It’s been a productive offseason so far for Dombrowski and the Tigers. Does that mean they’re done for the winter? Not if they expect to improve on their third-place finish from 2010.

If the Tigers are going to win the AL Central next season, they still need a right fielder who can hit in the middle of the order and a quality starting pitcher.

As far as right field goes, the solution is right in front of Dombrowski’s eyes. Finding another starter is far more complicated.

As a proven RBI guy who can burn opposing teams for pitching around Cabrera and a switch-hitter who can balance the lineup, it makes the most sense for Victor Martinez to hit fifth in Detroit’s order. As such, they still need an all-around hitter who can hit third. Looking at the team’s depth chart, it makes the most sense for that player to be a right fielder.

Some writers and fans have wondered if the team will forgo adding another outfielder, and give the job to Brennan Boesch or Casper Wells. If this happens, I’m going to automatically pencil the Tigers in for another third-place finish in 2011.

Call me harsh but it’s my belief that Boesch was so awful after the All-Star break (.163 AVG, two HR, .459 OPS in 221 AB), there’s no way he should even be in the conversation as far as right field is concerned. Growing pains are one thing; looking absolutely hopeless at the plate for nearly three months is something else.

Nothing in Boesch’s minor-league track record (.753 OPS in 453 minor league games) suggests he can be counted on to regain his pre-All-Star break form next season and maintain it over the course of a full season. All things considered, I think it’s far more likely the first half of Boesch’s 2010 was the fluke, not the second half. The Tigers are in serious trouble if they’re expecting him to be their everyday right fielder in 2011.

I’m a far bigger fan of Wells, and I think he should be ready to at least be the team’s fourth outfielder. He impressed in limited playing time in 2010 and unlike Boesch, is an asset in the field and capable of playing all three outfield spots. There’s a lot to like about his game.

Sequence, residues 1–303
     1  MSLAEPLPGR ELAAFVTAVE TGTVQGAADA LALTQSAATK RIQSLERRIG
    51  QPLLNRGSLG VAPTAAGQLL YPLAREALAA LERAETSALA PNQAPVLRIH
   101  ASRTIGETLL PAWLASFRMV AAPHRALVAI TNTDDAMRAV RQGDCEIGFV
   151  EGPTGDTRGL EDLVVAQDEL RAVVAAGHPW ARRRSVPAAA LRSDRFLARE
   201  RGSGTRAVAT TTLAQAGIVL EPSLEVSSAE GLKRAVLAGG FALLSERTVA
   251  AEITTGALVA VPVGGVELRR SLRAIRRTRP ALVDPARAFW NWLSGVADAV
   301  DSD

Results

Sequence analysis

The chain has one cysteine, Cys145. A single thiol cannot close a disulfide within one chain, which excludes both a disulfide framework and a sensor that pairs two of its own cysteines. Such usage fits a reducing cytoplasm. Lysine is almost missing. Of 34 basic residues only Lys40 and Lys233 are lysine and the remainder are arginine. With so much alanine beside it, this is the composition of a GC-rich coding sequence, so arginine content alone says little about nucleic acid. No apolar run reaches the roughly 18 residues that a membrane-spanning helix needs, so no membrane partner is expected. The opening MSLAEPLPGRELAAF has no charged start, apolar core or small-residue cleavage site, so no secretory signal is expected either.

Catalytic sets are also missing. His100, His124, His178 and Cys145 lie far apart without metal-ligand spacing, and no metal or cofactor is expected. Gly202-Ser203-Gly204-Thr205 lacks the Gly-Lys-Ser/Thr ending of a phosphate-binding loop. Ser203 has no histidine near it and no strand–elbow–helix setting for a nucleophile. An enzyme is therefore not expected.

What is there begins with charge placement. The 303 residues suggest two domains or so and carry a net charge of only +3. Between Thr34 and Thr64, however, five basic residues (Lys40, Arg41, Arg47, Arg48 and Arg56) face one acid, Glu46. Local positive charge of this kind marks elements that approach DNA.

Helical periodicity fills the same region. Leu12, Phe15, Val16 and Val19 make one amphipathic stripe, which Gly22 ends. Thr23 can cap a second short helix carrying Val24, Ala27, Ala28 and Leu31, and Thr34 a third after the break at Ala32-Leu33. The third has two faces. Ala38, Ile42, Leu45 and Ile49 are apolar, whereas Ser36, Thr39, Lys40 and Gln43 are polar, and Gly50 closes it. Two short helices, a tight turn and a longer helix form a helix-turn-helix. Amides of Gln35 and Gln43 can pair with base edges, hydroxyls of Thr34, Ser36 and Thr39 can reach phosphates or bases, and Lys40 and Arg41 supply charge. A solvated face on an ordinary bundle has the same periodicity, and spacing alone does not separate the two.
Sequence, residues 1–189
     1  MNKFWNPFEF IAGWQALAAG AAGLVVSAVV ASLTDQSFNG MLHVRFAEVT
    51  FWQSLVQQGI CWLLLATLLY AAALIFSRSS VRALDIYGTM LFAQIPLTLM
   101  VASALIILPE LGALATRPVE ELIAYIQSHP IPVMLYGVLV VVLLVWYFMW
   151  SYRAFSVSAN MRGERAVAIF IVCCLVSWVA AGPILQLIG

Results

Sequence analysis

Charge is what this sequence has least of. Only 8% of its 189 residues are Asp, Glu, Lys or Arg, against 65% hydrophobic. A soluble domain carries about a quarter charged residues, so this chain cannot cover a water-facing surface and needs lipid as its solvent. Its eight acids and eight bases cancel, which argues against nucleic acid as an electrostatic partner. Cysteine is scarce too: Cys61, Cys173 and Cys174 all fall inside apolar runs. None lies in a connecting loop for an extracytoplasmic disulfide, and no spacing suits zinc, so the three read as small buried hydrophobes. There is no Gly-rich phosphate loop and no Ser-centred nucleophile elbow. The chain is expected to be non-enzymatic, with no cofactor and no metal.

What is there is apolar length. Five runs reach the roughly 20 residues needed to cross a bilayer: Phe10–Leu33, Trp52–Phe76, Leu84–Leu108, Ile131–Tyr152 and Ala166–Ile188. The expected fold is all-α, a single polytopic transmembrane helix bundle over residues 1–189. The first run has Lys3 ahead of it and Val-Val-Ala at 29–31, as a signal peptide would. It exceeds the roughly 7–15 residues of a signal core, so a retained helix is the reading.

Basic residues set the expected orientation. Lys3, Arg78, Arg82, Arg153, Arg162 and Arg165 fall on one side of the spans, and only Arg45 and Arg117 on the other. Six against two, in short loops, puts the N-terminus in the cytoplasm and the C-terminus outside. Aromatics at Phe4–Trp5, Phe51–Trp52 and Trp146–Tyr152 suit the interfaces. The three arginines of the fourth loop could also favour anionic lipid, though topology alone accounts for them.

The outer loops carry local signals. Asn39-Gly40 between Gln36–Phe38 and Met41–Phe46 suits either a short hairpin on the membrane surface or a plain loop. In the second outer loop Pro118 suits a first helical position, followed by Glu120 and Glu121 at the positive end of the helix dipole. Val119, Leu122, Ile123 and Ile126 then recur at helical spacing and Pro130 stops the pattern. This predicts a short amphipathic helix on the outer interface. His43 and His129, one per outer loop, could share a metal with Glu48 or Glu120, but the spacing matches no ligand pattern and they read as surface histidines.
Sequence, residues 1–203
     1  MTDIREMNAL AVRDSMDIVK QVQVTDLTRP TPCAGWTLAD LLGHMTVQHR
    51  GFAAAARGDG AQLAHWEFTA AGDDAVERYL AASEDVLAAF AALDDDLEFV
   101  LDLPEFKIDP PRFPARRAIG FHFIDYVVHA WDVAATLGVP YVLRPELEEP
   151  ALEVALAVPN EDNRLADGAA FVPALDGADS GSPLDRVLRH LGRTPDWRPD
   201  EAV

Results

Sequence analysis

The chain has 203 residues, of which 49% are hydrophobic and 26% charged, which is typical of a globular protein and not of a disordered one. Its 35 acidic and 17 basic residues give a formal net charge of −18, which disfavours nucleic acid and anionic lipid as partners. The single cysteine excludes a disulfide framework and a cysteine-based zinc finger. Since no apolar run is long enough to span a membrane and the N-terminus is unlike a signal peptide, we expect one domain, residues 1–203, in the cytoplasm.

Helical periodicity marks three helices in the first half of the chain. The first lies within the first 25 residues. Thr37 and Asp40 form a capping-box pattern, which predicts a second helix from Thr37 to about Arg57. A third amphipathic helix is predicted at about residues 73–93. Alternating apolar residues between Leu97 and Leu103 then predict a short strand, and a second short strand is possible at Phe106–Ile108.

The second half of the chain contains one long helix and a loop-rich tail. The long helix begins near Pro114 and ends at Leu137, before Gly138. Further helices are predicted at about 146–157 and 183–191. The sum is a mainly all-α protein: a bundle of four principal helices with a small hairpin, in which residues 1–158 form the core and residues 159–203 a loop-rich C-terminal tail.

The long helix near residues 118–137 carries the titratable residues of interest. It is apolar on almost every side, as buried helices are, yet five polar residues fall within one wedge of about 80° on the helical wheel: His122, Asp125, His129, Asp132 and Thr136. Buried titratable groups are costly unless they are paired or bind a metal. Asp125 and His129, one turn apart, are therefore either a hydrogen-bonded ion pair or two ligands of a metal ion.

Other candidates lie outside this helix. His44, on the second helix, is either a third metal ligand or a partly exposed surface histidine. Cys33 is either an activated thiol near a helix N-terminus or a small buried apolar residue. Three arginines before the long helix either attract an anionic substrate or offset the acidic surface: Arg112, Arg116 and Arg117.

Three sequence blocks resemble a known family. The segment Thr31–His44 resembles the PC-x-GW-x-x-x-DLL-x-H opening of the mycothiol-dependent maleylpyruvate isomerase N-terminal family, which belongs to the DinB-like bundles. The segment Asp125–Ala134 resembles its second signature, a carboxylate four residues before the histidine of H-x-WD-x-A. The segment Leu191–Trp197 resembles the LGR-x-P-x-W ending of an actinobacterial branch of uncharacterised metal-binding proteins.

Bottom line: While a better option than Boesch, Wells is an unproven commodity. The Tigers lineup is already littered with question marks. How much will Austin Jackson regress? Will Alex Avila keep making strides? Is Scott Sizemore or Will Rhymes a viable Major League second baseman? What, if anything, can be expected of Carlos Guillen?

As of right now, aside from Boesch and Wells, the Tigers’ best options to accompany Cabrera and Martinez in the 3-4-5 hole are Guillen (who hasn’t played a full season since 2007) and Ryan Raburn (who would be best utilized hitting either second or sixth in the order).

The Tigers are counting on enough young players as is. They cannot entrust both right field and a spot in the middle of the order to two players with fewer than 600 career AB between them.

Fortunately, the solution here couldn’t be more obvious: re-sign Magglio Ordonez.

After the Martinez signing, some wondered if the Tigers still had room for Ordonez. Not only do they still have room for him, they need him.

It’s really a shame his 2010 season was cut short by an ankle fracture, because it really looked as though Ordonez had rediscovered his 2006-2008 form after a rough season in 2009. In 323 AB, Ordonez posted a .303/.378/.474 batting line with 12 HR and 59 RBI.

When he, Cabrera and Boesch were producing this summer, the Tigers looked like legitimate contenders in the AL Central. With Martinez taking the place of Boesch, the Tigers could post a very potent middle of the order in 2011 if Ordonez is retained.